Those bills were: S. 193: Ethan’s Law; S. 236: Special Counsel Transparency Act; S. 269: Social Security 2100 Act; S. 271: Families Belong Together Act; S. 543: PARK IT Act; S. 606: Reach Every Veteran in Crisis ...; S. 637: CURE High Drug Prices Act; S. 751: Journalist Protection Act; S. 855: Closing the Law Enforcement Consent ...; S. 864: Ellie’s Law; S. 1048: Preventing Opportunities for Teen E-Cigarette ...; S. 1112: Cabin Air Safety Act of ...; S. 1247: Duty To Report Act; S. 1321: Defending the Integrity of Voting ...; S. 1484: Diversifying Emergency Benchmarks for the ...; S. 1645: Women’s Health Protection Act of ...; S. 1756: No President is Above the ...; S. 1850: Better Oversight of Secondary Sales ...; S. 1924: Jaime’s Law; S. 1944: Public Health Funding Restoration Act; S. 1990: Presidential Appointee Accountability Act of ...; S. 2224: Visa Transparency Anti-Trafficking Act of ...; S. 2633: A bill to amend title ...; S. 2957: Stopping Grinch Bots Act of ...; S. 3021: Gluten in Medicine Disclosure Act ...; S. 3065: Safe Gun Storage Act of ...; S.Res. 63: A resolution expressing support for ...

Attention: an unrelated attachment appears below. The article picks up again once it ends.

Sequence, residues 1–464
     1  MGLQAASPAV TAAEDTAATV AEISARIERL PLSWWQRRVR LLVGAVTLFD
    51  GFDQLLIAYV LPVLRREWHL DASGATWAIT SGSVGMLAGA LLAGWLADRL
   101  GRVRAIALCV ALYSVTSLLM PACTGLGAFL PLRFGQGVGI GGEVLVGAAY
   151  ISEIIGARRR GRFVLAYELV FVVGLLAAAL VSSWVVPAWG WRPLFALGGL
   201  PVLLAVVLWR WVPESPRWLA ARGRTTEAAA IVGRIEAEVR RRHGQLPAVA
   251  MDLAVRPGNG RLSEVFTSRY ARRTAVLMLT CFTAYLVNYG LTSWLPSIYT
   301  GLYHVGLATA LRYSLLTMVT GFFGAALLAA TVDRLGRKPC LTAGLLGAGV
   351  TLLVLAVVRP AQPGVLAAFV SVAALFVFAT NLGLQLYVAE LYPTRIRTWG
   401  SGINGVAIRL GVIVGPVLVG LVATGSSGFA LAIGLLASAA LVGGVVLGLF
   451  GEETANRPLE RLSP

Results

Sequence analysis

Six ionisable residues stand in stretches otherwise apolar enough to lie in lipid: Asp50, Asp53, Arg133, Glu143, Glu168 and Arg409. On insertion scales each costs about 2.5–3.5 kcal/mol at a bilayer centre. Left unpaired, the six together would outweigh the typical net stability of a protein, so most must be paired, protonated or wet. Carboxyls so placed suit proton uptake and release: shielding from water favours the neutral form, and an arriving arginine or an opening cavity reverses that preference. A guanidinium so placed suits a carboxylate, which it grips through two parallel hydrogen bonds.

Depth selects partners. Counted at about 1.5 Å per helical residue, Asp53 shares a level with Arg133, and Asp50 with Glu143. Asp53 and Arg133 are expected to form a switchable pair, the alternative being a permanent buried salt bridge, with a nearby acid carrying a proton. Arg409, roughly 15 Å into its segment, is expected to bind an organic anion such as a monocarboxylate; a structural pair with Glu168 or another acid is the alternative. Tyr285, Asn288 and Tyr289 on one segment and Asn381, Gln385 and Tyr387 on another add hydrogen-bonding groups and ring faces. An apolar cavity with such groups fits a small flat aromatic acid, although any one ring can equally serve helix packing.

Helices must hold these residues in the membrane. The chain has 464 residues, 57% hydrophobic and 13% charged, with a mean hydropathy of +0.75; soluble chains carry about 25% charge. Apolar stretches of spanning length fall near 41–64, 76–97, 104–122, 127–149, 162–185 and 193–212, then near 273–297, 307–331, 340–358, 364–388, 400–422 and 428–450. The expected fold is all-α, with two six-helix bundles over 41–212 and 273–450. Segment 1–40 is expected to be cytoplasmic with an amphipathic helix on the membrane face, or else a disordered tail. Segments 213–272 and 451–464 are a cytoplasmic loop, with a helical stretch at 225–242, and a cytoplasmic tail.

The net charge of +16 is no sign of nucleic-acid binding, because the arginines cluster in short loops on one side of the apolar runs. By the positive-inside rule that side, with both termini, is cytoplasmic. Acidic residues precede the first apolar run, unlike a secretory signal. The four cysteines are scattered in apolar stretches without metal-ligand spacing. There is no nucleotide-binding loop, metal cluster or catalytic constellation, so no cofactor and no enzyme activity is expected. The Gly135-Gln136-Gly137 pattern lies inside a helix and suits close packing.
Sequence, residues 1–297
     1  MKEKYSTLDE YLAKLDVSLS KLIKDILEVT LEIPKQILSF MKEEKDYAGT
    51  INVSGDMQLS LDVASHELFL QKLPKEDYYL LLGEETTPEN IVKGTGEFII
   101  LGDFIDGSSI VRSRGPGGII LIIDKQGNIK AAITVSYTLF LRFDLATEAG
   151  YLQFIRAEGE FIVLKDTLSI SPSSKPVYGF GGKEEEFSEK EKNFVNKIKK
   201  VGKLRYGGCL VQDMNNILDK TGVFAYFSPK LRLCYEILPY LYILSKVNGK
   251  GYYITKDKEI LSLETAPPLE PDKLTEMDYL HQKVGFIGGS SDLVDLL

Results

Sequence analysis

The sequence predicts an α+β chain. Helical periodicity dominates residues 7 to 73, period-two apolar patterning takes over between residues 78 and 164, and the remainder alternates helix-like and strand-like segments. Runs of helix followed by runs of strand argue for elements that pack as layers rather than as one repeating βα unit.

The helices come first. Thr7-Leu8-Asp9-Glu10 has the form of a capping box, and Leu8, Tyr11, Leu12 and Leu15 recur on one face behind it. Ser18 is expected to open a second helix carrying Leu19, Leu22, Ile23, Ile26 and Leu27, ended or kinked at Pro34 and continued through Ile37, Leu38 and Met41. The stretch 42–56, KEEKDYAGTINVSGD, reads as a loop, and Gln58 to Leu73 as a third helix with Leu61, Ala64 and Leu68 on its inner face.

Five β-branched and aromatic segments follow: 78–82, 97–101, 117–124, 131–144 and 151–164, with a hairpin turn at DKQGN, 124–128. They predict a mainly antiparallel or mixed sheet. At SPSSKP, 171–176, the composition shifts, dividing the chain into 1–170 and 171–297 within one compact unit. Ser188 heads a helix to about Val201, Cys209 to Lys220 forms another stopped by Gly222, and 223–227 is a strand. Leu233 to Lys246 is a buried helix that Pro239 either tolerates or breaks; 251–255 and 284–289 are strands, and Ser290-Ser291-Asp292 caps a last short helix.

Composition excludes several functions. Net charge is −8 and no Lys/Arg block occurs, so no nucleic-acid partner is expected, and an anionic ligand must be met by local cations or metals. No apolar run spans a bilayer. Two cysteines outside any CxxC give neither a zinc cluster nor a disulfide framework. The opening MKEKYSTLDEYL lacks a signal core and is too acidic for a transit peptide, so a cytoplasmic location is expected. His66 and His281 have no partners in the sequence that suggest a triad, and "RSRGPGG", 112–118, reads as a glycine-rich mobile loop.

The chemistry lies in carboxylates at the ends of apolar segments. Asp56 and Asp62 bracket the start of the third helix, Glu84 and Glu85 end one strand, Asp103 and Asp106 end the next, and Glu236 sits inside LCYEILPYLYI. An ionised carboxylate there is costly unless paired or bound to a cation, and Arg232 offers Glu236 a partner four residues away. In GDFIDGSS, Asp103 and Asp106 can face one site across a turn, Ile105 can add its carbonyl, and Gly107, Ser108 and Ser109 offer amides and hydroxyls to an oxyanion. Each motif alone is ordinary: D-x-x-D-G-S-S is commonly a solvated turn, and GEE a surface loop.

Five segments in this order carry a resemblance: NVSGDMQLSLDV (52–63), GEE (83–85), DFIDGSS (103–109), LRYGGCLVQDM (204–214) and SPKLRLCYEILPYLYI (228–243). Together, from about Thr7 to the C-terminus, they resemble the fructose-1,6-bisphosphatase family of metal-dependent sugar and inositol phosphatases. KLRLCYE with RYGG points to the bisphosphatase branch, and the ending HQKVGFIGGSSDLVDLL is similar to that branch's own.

Compare to all Senate Democrats (89th percentile); All Senators (95th percentile).

Companion bills are those that are identified as “identical” by Congress’s Congressional Research Service.


 

Got influential cosponsors the 4th most often compared to All Senators (tied with 2 others)

11 of Blumenthal’s bills and resolutions in 2019 had a cosponsor who was a chair or ranking member of a committee that the bill was referred to. Getting support from committee leaders on relevant committees is a crucial step in moving legislation forward.